Like all the generations before them that grew up in similar times, they eventually put away the things of their youth. But who guessed that their next mutation would be into Yuppies, whose motto was not “Peace and Love” or “Revolution for the Hell of It,” but “Shop Till You Drop” and “He Who Dies with the Most Toys Wins” as they moved into midlife.
But even now the acquisitive mania that characterized the ’80s is ebbing, now that the first cohorts of Boomers are crossing over 50. You can already see the signs of their next stage of evolution, in the judgmental behavior of people like William Bennett (George Bush) and Dan Quayle (Ann Coulter) on the “right,” and Al Gore and Hillary Clinton on the “left.” They did sex, drugs, and rock ‘n’ roll in the ’60s. They believe they’ve fought the war of good against evil in both Vietnam and the segregated lunch counters of the South. They know they were the first generation to have traveled widely thanks to the jet, to have been brought up by television, and had the telephone as a given. They’ve been there, done that, and now that they’re getting older, they’re going to make sure that everyone else benefits from their wisdom — like it or not. The Boomers are an archetypal Prophet generation, a type born after a secular crisis, just in time to create another one. Get the image of a grim elder, with a well-defined vision of what’s right and wrong, calling down wrath, and laying down the law for a troubled nation in chaotic times. That’s the type of person who tends to lead countries into wars, as well as through them. Interestingly, the Boomers in America have their counterparts abroad today, especially in China, where they grew up during the Cultural Revolution. Two ideologically driven, righteous groups running two such powerful and alien cultures is almost a guaranteed formula for a millennial-sized crisis. Which should appear, coincidentally, sometime shortly after the millennium. (We’re right on schedule.)
So What’s Next?
The real watersheds in history, crises that make or break a civilization, occur roughly every 100 years. The most recent ones in American history that will resonate without looking up the facts in a reference book are the Revolution, circa 1782; the Civil War, circa 1863; and WW II, circa 1943. We’ve had other wars, and they were traumatic enough; that’s the nature of war. But the War of 1812, Mexican, Spanish, World War I, Korean, and Vietnam wars had nothing to do with the country’s survival as an entity, as a civilization. They were optional wars, sport fighting, if you will, by comparison. Wars that occur at a secular Crisis, a “Fourth Turning” to Strauss and Howe, when a Prophet generation is acting as elder statesmen, with Nomads as operational commanders, and Heroes as front line soldiers tend to be total wars that have an ideological underpinning. They’re life-and-death struggles not just for the individual participants, but for the civilization as a whole.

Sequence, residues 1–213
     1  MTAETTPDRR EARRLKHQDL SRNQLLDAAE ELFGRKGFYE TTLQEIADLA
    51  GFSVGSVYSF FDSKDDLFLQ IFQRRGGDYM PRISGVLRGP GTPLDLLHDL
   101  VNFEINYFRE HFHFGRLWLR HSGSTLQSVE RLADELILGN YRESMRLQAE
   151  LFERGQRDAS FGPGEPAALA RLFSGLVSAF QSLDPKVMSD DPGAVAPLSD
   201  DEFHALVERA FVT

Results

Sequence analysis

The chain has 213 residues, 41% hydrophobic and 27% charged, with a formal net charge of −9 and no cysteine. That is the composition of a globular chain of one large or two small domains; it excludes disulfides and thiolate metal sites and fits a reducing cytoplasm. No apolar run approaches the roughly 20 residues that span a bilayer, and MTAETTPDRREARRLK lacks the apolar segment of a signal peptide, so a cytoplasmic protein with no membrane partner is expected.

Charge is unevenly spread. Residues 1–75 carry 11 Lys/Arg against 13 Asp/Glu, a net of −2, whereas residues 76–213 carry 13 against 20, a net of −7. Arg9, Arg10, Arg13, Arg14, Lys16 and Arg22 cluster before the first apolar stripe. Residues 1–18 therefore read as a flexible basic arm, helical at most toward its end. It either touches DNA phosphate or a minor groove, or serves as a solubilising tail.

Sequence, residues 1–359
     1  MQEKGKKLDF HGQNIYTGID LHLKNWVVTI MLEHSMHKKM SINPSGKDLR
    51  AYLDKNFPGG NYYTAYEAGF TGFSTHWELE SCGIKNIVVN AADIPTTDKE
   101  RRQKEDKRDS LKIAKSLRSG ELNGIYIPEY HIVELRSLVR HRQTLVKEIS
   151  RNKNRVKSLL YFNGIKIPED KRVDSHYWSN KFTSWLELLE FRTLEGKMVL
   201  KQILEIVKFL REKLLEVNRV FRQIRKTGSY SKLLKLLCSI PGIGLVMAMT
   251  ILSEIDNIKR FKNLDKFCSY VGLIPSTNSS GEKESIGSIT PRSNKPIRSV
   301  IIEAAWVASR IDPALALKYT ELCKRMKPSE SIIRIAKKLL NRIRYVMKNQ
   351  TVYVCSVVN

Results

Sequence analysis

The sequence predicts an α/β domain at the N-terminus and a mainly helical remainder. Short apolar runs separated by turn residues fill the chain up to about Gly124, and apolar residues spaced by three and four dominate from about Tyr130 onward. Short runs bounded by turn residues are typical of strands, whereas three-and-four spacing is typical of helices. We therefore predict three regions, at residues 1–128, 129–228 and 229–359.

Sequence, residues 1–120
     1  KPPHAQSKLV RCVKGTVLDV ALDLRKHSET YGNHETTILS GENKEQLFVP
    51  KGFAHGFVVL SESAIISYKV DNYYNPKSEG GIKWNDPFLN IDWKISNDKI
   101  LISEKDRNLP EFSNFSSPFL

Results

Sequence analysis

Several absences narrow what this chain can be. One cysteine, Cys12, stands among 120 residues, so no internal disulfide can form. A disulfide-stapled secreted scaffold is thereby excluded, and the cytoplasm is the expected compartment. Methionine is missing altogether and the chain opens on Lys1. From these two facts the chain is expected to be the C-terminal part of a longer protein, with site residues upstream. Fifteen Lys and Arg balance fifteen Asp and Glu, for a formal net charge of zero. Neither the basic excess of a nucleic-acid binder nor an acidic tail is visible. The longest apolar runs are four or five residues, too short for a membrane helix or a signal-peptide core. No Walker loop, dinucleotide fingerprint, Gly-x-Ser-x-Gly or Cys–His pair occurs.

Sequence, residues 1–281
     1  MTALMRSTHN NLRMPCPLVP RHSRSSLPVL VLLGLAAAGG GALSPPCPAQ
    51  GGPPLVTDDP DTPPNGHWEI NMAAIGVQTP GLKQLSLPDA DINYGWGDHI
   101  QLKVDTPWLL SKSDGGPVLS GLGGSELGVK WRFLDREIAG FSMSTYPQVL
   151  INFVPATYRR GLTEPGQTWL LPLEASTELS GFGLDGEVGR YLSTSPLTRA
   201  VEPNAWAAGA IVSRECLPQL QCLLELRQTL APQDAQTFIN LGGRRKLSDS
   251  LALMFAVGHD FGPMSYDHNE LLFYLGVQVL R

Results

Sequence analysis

That major wars occur at such long remove from each other probably isn’t an accident. Really catastrophic wars, from at least the days of Troy on down, have usually been the Great Events that resound through living memory. The Great Event of a century forms the thought and character of everyone alive when it happens, influencing them relative to the stage of life they’re in at the time. Perhaps that’s why a people will collectively do its best to avoid a repeat, at least while there’s anyone still alive who saw the last crisis.
(It’s been said that war is a force that gives life meaning. And I think that’s true, although it’s perverse that the most destructive and idiotic activity that it’s possible to engage in would just have to be the most important. Maybe, after the orgy of self-indulgence and conspicuous consumption that has characterized the past couple decades, Americans collectively feel they need to prove something. There has to be some rationale for the current war hysteria other than pure stupidity…)